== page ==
Shad­ow­ing the book

SFX: The Sci-Fi and Fantasy Magazine - - The Man In The Castle -

sea­son. “He comes in in episode four and then con­tin­ues through­out. He’s ac­tu­ally one of the most faith­ful adap­ta­tions. There are some scenes that are al­most word for word the way they were in the book. With the stream­ing model that Ama­zon has you can treat it like a novel, so you don’t have to in­tro­duce every­thing in the first episode.”

“In a sense we have chap­ters,” Dava­los con­tin­ues. “There’s 10 chap­ters, and you can sit down and watch three or four, or watch the whole damned thing. It’s over a 14-day pe­riod, our en­tire first sea­son. I love the for­mat.”

De­spite the myr­iad changes, Spot­nitz has re­mained un­wa­ver­ingly loyal to the themes and ideas the novel ex­plores. “Prob­a­bly the most chal­leng­ing to ad­dress, be­cause it’s so in­tel­lec­tual, is what is the na­ture of re­al­ity?” Spot­nitz says. “He has th­ese in­ter­est­ing ideas about his­toric­ity and what’s the dif­fer­ence be­tween an au­then­tic ob­ject and an in­au­then­tic ob­ject. The sec­ond one is what is hu­man? And how do you main­tain hu­man­ity if you’re liv­ing in an in­hu­man world? And there’s a third theme, which is more prom­i­nent in the se­ries, which is what is free­dom? What would you sac­ri­fice to be free? That’s the one that is most un­set­tling be­cause you’re not used to see­ing the good guys lose. And not only have Amer­i­cans lost, most of them are re­signed to their de­feat. What would it take to get Amer­i­cans to fight back, to try and change their fu­ture? That’s the ques­tion I wanted to ask.”

The other key chal­lenge be­yond adapt­ing Philip K Dick’s eso­teric prose into some­thing that would work on TV was vi­su­al­is­ing a world turned up­side down – a tricky (and ex­pen­sive) busi­ness. “For­tu­nately Ama­zon has deep pock­ets!” Spot­nitz says. “But it’s a big imag­i­na­tion chal­lenge as well. I talked to a lot of his­to­ri­ans about what the val­ues of a Nazi so­ci­ety would have been if they’d won the war.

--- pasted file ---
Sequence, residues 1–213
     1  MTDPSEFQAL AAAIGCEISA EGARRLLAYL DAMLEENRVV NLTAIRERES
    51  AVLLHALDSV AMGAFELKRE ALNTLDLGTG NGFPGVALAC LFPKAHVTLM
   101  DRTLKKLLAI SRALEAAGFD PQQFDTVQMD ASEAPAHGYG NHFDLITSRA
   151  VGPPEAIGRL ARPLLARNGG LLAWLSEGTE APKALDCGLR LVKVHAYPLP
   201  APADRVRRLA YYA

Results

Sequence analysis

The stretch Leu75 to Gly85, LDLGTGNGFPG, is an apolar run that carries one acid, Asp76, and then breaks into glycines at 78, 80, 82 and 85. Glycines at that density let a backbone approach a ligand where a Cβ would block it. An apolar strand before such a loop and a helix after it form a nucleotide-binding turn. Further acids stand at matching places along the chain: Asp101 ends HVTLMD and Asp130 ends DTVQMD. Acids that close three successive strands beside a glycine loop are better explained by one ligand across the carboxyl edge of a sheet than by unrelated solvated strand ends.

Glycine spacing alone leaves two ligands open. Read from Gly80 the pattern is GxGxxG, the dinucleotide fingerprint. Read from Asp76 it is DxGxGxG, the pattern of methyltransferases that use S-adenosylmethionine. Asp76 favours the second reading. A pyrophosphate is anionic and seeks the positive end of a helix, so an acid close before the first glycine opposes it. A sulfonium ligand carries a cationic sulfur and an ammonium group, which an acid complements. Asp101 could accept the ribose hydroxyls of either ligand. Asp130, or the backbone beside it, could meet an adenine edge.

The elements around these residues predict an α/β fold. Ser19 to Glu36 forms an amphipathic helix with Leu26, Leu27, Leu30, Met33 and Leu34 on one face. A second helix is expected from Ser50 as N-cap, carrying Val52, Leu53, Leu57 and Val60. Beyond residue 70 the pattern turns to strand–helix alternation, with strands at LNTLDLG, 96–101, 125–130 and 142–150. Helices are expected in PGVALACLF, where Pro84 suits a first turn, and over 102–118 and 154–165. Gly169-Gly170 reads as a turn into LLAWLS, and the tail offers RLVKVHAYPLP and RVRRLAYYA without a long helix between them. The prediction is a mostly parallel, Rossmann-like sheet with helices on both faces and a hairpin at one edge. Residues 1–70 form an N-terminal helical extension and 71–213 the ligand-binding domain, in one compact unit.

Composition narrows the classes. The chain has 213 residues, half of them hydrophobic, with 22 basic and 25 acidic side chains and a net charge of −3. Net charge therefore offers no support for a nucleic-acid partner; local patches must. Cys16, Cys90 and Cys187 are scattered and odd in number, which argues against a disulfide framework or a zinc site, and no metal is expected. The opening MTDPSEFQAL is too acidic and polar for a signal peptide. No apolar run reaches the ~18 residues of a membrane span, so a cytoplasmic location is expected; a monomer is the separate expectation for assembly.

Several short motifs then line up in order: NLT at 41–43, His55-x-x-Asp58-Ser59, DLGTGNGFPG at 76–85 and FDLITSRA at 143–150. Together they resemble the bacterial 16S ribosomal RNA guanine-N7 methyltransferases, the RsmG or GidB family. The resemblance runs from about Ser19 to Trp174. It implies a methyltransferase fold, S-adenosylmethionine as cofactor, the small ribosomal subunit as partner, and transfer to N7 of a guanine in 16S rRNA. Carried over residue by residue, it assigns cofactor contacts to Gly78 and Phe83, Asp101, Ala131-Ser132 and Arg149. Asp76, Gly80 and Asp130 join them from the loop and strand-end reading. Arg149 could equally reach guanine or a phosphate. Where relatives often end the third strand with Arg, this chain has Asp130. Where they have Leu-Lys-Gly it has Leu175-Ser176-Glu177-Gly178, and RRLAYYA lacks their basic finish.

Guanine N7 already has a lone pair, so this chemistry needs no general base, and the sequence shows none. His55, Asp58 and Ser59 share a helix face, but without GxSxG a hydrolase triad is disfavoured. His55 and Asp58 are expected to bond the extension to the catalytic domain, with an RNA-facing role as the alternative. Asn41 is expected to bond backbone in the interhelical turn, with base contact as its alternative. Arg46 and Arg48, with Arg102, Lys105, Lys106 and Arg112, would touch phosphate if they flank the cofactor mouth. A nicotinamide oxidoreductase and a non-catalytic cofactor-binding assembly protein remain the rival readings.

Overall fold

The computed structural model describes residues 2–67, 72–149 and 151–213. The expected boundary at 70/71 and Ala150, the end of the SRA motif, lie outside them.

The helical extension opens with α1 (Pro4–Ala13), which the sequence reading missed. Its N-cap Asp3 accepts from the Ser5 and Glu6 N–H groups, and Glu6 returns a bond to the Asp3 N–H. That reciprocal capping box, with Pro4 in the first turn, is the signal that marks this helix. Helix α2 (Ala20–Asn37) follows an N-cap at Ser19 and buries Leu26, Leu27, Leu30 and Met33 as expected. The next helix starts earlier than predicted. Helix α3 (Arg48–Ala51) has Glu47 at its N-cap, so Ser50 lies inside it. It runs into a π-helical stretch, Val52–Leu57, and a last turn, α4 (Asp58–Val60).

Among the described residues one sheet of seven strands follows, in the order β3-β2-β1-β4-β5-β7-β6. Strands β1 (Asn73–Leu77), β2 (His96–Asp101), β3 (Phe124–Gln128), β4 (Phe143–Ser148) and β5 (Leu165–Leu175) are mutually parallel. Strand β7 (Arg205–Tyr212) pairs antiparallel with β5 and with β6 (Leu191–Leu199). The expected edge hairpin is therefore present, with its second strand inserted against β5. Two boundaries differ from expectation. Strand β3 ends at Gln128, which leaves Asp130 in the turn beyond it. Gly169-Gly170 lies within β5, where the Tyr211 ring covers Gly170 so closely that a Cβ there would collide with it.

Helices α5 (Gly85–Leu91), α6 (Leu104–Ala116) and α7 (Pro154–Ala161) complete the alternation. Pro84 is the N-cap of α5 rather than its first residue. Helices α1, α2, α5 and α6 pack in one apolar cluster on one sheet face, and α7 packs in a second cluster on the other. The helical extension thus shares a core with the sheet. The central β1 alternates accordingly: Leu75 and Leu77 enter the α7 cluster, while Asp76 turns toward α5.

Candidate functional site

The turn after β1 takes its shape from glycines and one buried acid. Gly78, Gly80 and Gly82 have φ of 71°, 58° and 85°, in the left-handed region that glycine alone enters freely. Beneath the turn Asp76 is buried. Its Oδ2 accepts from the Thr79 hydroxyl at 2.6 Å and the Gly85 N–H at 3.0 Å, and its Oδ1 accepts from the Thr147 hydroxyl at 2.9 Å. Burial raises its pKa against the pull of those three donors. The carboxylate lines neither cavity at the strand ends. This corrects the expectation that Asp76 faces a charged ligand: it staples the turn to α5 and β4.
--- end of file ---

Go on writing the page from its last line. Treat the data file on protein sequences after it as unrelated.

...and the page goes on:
Ri­d­ley scott would point us to films, in­clud­ing Blade Run­ner, and spe­cific scenes

And then that in­formed the pro­duc­tion de­sign, so it’s very much about industry and agri­cul­ture and state con­trol. And you ask your­self, ‘Would cars in the early ’60s have had the gi­ant fins that they had? Would you have had that sense of op­ti­mism and the Jet­sons tech­nol­ogy in home ap­pli­ances?’ There were a thou­sand de­ci­sions like that.”

Spot­nitz also had help from a man with ex­pe­ri­ence adapt­ing Philip K Dick – Ri­d­ley Scott, who pro­duced the show un­der the Scott Free ban­ner. “It was mostly in the area of cin­e­matog­ra­phy and pro­duc­tion de­sign, but we had many calls about the prin­ci­ples that should guide us in de­sign­ing this world,” Spot­nitz ex­plains. “He would point us to films, in­clud­ing Blade Run­ner, and spe­cific shots and scenes that he thought we should use as guides and in­spi­ra­tion. He and the lead di­rec­tor for the se­ries, Daniel Per­ci­val, put to­gether this style book with dozens of images from dif­fer­ent films and paint­ings that were used as ref­er­ence for ev­ery di­rec­tor that came on the show.”

As any­one who has read the book will know, the story ends on an am­bigu­ous note. It was a tale Dick tried to re­turn to sev­eral times be­fore his death, with nu­mer­ous failed se­quel ideas trans­form­ing into en­tirely new nov­els. Spot­nitz, who en­vi­sions a long life for the show, al­ready knows his story has a dif­fer­ent des­ti­na­tion.

“The se­ries will have a dif­fer­ent end­ing en­tirely,” Spot­nitz re­veals. “The sto­ry­lines and ideas are be­ing laid out in a slightly dif­fer­ent or­der. But for me the way to ex­e­cute a se­ries suc­cess­fully is to fol­low one char­ac­ter’s emo­tional jour­ney and be­cause you don’t know in TV whether you’re go­ing to go two years or 10 years you have to be able to col­lapse or ex­pand as needed. That’s my strat­egy. I know what hap­pens in the last episode for Ju­liana. I know what her char­ac­ter jour­ney is, and every­thing else is an ex­plo­ration as we go.”

The Man In The High Cas­tle is on Ama­zon Prime In­stant Video from 20 Novem­ber.

Will Ju­liana Crain (Alexa Dava­los) and Joe Blake ( Luke Klein­tank) drink the Kool-Aid?

Well, that’s one way of fight­ing back.

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